The excessively frivolous foods of Versailles are legendary, from poached truffles and bird stomach to Marie Antoinette’s personal chocolate chef. But you might not recognize the name Françoise d’Aubigné, the woman who ruled Versailles as the secret wife of Louis XIV, the King of France. She’s better known as Madame de Maintenon, and although she was born in a prison, she eventually became one of the most powerful women in the world.
The battles waged by Louis XIV are famous—but the behind-the-scenes battles between his mistresses could be just as cutthroat. After the King’s mistress helped Madame de Maintenon get a job and a title, Maintenon stabbed her in the back by driving her out of Versailles so that Maintenon could snag a crown.
Françoise learned social climbing from Parisian philosophers, and she used her marriage to an impotent older man to rocket herself onto the intellectual scene. After becoming the governess for the King’s illegitimate children and earning the title Marquise de Maintenon, Françoise married the Sun King in secret and ruled at his side for over three decades. How did the impoverished daughter of a man jailed for murder and treason become Queen of France in all but name? Keep reading to find out.
Madame de Maintenon Rose From Prison To Palace By Snagging Louis XIV
Louis XIV had a reputation for taking lovers. His sister-in-law once remarked, “They’re all good enough for him, provided they’re women." The King wasn't picky, either. “Peasants, gardeners’ daughters, chambermaids, ladies of quality”—all women were fair game to the Sun King. So how did an older woman that Louis described as “unbearable” after their first meeting eventually snag the King’s heart and become the secret Queen of France?
Madame de Maintenon rose from prison to palace using her wits, connections, and devious strategy—like when she threw her own benefactor under the bus to get closer to the Sun King. And because of her striving, she was able to accomplish one of the most meteoric rises in history—from a jail cell to Versailles.
Françoise Was Born In A Prison, So She Could Only Go Uphill From There
Françoise d’Augbigné, later known as Madame de Maintenon, was born in prison—so it could only go uphill from there. Her father, Constant d’Aubigné, was a career criminal who was in jail when young Françoise was born in November of 1635. Constant’s list of crimes included murder, kidnapping, treason, and debt. He was a gambler, a counterfeiter, and he participated in a failed rebellion against the throne. He also killed a man in a duel.
For his long list of crimes, Constant was disowned and disinherited by his father, a famous poet—so he was a pauper and an outcast. While in jail, Constant married Jeanne de Cardilhac, the jailer’s daughter, and had three children with her. Françoise might have had a noble name at birth, but she was born with absolutely nothing and treated as a social outcast from the start. It’s even more impressive, then, that she eventually became the Queen of France.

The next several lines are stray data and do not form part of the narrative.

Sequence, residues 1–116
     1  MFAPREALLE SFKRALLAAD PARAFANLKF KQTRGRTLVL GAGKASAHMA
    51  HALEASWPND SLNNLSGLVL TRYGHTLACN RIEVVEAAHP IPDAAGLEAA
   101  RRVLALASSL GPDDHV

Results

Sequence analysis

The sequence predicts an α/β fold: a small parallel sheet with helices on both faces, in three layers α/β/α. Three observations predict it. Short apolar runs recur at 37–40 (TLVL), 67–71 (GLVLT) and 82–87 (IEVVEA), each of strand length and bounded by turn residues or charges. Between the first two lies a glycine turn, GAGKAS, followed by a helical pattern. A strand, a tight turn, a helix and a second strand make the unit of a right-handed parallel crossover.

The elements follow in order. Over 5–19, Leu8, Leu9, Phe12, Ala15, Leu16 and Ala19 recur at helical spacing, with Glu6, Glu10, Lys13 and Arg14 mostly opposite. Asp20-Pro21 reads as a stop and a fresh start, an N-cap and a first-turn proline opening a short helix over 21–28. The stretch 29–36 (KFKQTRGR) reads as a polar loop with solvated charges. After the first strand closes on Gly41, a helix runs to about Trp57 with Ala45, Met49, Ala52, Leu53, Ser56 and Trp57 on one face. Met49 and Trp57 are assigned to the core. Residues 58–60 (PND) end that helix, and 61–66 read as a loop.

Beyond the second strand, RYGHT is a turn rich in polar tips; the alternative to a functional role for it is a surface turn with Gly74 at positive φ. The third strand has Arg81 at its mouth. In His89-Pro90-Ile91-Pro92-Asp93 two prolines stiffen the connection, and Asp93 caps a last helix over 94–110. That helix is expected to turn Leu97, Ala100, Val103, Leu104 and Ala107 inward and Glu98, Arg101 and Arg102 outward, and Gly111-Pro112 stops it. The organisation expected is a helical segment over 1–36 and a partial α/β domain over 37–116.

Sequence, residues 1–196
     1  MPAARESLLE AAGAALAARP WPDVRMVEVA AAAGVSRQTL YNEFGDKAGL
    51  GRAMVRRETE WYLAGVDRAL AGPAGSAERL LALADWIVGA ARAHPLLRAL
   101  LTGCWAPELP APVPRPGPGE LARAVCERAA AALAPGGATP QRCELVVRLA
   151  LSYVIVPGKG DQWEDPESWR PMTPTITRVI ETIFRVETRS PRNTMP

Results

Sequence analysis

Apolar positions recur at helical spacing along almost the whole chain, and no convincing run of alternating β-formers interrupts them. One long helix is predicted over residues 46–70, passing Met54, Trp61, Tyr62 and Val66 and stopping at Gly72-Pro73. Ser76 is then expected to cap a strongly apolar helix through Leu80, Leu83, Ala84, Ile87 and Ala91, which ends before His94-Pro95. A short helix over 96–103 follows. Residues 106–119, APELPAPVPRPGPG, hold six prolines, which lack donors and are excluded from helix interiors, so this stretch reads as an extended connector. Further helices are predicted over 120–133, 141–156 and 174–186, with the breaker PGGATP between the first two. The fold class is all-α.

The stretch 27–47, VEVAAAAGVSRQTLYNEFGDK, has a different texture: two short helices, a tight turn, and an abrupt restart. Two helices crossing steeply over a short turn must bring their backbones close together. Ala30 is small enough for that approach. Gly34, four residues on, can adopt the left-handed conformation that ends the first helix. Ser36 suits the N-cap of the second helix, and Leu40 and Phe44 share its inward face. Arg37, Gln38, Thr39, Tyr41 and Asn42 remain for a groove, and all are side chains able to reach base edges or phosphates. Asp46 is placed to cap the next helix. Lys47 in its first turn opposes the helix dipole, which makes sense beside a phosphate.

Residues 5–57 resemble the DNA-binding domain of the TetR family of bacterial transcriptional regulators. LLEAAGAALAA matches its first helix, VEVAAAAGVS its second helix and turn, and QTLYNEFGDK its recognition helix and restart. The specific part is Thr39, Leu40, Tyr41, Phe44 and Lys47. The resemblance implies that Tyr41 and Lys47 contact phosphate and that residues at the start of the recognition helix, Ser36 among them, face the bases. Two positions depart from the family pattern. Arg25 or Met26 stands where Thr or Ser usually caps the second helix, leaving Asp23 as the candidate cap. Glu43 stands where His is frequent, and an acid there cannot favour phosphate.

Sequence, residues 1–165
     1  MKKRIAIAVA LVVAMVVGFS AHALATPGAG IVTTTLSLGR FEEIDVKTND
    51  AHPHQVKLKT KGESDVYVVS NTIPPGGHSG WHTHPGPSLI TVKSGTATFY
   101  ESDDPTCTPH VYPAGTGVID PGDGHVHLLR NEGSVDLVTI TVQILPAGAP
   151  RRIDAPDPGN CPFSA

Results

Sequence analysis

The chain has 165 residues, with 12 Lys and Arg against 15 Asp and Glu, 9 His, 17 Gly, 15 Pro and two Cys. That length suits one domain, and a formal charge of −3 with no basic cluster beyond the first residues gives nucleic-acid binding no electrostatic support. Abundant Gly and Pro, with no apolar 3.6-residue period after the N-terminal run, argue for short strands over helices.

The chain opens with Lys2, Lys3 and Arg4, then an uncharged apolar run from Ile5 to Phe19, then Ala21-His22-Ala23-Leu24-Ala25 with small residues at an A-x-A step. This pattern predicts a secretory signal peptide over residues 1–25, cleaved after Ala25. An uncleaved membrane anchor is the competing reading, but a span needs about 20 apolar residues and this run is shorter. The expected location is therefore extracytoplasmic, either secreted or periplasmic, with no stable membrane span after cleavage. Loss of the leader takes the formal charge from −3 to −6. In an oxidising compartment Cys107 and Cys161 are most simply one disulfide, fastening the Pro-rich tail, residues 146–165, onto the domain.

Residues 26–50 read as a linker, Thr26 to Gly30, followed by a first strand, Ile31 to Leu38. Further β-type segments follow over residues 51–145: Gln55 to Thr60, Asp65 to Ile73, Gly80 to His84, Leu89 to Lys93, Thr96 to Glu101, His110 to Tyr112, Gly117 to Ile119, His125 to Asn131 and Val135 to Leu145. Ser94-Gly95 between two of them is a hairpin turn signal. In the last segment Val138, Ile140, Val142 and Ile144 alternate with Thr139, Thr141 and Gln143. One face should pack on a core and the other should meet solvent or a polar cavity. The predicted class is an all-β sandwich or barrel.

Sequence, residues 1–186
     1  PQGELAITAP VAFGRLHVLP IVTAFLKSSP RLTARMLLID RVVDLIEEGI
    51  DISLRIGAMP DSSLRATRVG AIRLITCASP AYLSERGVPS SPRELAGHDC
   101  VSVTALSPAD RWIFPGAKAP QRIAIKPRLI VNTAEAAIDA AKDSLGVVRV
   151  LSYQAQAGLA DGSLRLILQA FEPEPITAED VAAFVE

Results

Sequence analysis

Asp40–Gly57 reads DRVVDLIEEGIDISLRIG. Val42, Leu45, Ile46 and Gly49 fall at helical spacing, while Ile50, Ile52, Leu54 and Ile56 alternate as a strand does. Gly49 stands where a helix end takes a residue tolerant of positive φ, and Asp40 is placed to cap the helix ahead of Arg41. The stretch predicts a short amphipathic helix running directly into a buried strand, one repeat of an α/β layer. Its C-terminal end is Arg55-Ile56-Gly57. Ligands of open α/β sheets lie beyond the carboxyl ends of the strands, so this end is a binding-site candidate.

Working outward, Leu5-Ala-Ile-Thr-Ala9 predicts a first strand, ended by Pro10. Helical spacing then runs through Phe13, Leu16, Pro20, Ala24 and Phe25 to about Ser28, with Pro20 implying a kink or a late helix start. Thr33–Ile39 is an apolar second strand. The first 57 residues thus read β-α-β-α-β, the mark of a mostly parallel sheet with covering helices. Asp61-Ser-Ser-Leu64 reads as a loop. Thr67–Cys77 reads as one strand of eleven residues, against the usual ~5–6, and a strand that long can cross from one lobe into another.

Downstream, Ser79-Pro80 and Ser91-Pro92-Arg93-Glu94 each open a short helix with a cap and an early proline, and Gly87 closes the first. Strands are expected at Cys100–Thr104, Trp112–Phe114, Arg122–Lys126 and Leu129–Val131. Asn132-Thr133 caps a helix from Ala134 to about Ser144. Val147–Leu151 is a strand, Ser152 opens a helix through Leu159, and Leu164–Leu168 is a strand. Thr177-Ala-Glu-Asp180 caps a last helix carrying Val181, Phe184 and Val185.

As A Young Orphan, Françoise Was Forced To Marry A Much Older Man
After her birth in prison, Françoise d’Aubigné had a difficult childhood. Once her father got out of prison in 1643, when Françoise was seven, he took his family to the West Indies, where he disappeared and died a few years later. Françoise returned to France as a pauper with her mother. She was forced to beg on the street for food.
Françoise’s mother died when she was only sixteen, leaving her an orphan. Her strict aunt, who was charged with raising the girl, wanted to get rid of her, so she sent Françoise to live with the writer Paul Scarron, who was 25 years older than the teenager. Scarron became fond of Françoise and, knowing how poor she was, offered to either marry her or pay for her dowry to enter a convent. The two married in 1652, when Françoise was only seventeen. With their union, she became Madame Scarron.
It was not a love match. Françoise later said, “I preferred to marry him rather than a convent.”
Maintenon’s First Husband Was An Impotent Satirist Who Introduced Her To Salon Culture
When the teenaged Françoise became Madame Scarron, all of Paris ridiculed the match. Even Françoise herself reportedly burst into tears the first time she met her future husband. He was used to that kind of reaction, and responded, “My body, it’s true, is most irregular. Pregnant women aren’t even allowed to look at me.”
Paul Scarron was a paralyzed, impotent writer of burlesque verses—and he was already in his forties. Although he enjoyed some success for his work, his life was stunted by a crippling disease that left his body practically useless. As a teenage bride, Madame Scarron had to serve as Paul's nurse in a tiny apartment in Paris.
But one good thing did come from their marriage: the Scarrons hosted a salon for Parisian intellectuals who challenged the French establishment. Philosophers, essayists, and authors met to debate ideas and disparage religious fanaticism. The salon soon built a reputation as “the meeting place for all the most cultured people from the court, and all the clever people in Paris.” It was here that Madame Scarron met the people who would change her life.